• avatar
    TheKonnstranomic

    -Today’s minivan’s have become way too bloated. Compared to the original Chrysler vans, which make today’s vans look like they had way too much to eat for too long. Not to mention all the emphasis today’s minvans have on plush comfort and passenger entertainment, which is just more $$$ to be spent at the dealer, and more potential things that can break later on. We need more reasonably sized and utilitarian vans again! More things like the Ford Transit Connect, the passenger version of the Ram ProMaster City (Fiat Doblò), the sadly departed Mazda5, heck, even make a modified version of the Mahindra Marazzo for American tastes!

    -I don’t mind the trend of tablet infotainment screens, but it would be helpful if they had another way to navigate them, i.e. a control knob. And no, the touchpads that Lexus uses do not count.

    -I never thought of the infamous 1st generation Ssangyong Rodius to be ugly at all. The lack of sliding doors on it is a bummer though.

    -While some people don’t feel sad for crappy car brands that die out, i.e. Daewoo, I do feel saddened when they go away, because of less car variety. It makes you wonder how Daewoo’s cars would have turned out, had they not gone bankrupt, and had GM not purchased them. And not to mention how GM’s cars would be like today without Daewoo’s influence…

    • 0 avatar
      ToolGuy

      Konn,

      Completely agree on the minivan thing- was just having that conversation while driving tonight. The Stylists got involved and are killing the segment over time.

      On your infotainment comment, I would like a real live jog/shuttle wheel when listening to podcasts/etc.

  • avatar
    Hummer

    Turbo 4s are universally awful, either add displacement to a N/A 4 or put a V8 in it like God intended.

    V6s have one place in the auto world, that is Minivans, doesn’t matter if they’re the sliding rear door variety Minivans or the Traditional rear door style minivans like the Highlander or Cherokee.

    CUVs are less cool minivans, they’re like the dorky brother to minivans.

    • 0 avatar
      arach

      Funny. After I bought a turbo4, I fell in love. My Hyundai Sonata 2.0t is my FAVORITE engine I’ve ever owned, I like it more than turbo v8 diesels, Turbo 6s, NA 6s, and NA 8s.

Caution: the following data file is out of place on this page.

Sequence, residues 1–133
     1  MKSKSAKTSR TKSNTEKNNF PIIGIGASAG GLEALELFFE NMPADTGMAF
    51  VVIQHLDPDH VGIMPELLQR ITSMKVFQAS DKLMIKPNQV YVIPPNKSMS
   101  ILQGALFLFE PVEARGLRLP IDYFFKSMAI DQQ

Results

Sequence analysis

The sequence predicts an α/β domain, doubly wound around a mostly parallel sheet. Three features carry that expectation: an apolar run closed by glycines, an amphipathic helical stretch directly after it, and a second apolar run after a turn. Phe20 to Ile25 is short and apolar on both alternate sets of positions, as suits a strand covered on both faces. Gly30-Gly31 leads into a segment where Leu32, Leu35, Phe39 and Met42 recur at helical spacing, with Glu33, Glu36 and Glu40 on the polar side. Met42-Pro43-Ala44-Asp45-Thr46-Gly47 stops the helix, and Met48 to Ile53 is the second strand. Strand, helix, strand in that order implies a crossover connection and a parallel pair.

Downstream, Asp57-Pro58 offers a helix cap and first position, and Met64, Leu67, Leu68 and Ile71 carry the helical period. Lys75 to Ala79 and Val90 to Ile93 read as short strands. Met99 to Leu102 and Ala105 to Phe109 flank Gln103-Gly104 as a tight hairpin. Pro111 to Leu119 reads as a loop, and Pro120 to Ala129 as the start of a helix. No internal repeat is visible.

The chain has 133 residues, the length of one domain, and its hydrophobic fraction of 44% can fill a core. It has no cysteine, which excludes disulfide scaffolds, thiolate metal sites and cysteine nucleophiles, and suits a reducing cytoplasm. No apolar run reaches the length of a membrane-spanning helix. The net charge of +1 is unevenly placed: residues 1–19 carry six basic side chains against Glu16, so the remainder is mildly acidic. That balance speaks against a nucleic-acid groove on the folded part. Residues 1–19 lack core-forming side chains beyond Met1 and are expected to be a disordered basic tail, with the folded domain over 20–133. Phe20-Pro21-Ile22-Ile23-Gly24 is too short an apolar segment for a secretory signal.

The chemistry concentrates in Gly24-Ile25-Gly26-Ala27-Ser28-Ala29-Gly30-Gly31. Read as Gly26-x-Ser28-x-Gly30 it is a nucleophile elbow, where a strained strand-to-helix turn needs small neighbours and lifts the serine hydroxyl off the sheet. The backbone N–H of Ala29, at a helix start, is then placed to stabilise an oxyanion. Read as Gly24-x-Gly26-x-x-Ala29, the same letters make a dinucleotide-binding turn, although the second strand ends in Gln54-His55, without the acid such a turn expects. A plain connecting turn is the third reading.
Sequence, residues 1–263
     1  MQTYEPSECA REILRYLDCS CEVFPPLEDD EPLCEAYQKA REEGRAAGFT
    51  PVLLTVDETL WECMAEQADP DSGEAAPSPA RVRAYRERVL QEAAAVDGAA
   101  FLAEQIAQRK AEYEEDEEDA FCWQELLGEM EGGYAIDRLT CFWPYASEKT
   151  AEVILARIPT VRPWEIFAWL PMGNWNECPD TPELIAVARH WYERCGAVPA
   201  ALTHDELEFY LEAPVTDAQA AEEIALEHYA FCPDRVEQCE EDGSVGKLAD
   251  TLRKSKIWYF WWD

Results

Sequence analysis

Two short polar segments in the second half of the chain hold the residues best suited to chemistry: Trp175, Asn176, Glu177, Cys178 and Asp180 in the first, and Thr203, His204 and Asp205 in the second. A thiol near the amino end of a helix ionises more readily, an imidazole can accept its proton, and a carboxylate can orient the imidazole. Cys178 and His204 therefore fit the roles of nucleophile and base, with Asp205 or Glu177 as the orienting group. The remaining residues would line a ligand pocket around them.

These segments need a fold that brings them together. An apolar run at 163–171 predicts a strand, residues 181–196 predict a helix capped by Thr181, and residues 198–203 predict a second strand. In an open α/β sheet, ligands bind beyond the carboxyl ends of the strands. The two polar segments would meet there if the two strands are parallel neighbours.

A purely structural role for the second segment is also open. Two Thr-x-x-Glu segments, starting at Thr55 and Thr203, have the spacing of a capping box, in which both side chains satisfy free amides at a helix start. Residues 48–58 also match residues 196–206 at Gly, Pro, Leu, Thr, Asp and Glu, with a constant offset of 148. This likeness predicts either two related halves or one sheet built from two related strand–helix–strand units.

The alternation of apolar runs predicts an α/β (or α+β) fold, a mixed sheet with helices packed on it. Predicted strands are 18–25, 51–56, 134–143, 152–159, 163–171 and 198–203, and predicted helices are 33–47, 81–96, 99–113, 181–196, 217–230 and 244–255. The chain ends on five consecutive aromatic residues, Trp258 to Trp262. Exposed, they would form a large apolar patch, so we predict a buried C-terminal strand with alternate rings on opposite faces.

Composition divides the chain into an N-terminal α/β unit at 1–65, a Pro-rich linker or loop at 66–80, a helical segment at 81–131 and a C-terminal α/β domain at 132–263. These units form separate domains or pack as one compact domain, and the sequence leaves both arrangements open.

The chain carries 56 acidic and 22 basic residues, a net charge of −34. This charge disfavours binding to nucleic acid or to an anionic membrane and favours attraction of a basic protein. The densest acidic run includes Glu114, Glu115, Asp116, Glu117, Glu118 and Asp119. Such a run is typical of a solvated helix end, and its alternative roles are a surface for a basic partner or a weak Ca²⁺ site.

having INSTANT PEAK TORQUE at 1300 rpm is amazing. My Hyundai sonata feels faster in DD traffic than my Camaro SS did. On top of it feeling super torquey, I get 32 MPG! are angels singing? Did a magician design this thing?

      My V6s have to be revved up and are lucky toget 22 MPG.

      I decided the best mustangs and camaros are now the turbo4… unless you are racing where you are running your car at 6400 rpm, turbo4s are amazing for daily driving duties.

      In fact I’m mad that I can’t buy bigger nicer cars with the turbo4… I don’t think I could settle for an awful NA 6 again after owning this car for 4 years.

Read all comments

Back to TopLeave a Reply

You must be logged in to post a comment.

Recent Comments

  • Lou_BC: @Dan The USA has 4% of the world’s population but 20% of the world’s deaths from COVID-19. Next...
  • Lou_BC: @Vulpine – I tried to make a similar point earlier. The larger vehicle tends to sit higher therefore...
  • dukeisduke: Mary Barra’s wishful thinking.
  • Sobro: That Buick nailhead motor was an interesting take on design. Buick decided that instead of horsepower wars...
  • Corey Lewis: I see the name Allard, and I know it’s a car brand but that is the extent of my knowledge.

New Car Research

Get a Free Dealer Quote

Who We Are

  • Matthew Guy
  • Timothy Cain
  • Adam Tonge
  • Bozi Tatarevic
  • Chris Tonn
  • Corey Lewis
  • Mark Baruth
  • Ronnie Schreiber